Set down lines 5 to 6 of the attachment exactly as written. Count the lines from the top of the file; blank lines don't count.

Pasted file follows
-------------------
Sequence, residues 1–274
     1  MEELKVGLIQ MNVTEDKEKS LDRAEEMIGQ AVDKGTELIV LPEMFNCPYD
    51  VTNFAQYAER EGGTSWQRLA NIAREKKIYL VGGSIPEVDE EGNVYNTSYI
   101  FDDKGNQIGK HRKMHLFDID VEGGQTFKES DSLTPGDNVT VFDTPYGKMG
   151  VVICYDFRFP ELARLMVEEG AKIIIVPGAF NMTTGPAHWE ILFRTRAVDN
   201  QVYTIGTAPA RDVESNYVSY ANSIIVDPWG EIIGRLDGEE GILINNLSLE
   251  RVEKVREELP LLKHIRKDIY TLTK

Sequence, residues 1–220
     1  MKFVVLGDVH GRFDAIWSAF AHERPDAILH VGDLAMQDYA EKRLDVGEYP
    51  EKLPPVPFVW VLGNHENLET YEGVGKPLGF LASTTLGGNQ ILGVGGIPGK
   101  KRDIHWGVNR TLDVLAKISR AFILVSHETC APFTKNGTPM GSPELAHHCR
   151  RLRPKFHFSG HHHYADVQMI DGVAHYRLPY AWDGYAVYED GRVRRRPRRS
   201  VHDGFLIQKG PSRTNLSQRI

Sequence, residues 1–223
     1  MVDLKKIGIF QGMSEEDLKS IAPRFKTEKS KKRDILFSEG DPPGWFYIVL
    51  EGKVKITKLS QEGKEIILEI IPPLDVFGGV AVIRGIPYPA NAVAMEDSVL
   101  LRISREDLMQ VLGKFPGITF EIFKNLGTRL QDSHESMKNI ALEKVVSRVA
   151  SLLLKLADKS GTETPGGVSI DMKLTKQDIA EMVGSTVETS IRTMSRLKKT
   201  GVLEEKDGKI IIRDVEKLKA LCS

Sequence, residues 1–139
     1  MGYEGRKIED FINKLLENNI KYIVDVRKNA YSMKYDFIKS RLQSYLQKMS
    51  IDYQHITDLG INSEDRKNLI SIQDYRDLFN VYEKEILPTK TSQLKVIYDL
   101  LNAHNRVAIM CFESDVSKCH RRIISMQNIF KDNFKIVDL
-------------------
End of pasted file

   151  VVICYDFRFP ELARLMVEEG AKIIIVPGAF NMTTGPAHWE ILFRTRAVDN
   201  QVYTIGTAPA RDVESNYVSY ANSIIVDPWG EIIGRLDGEE GILINNLSLE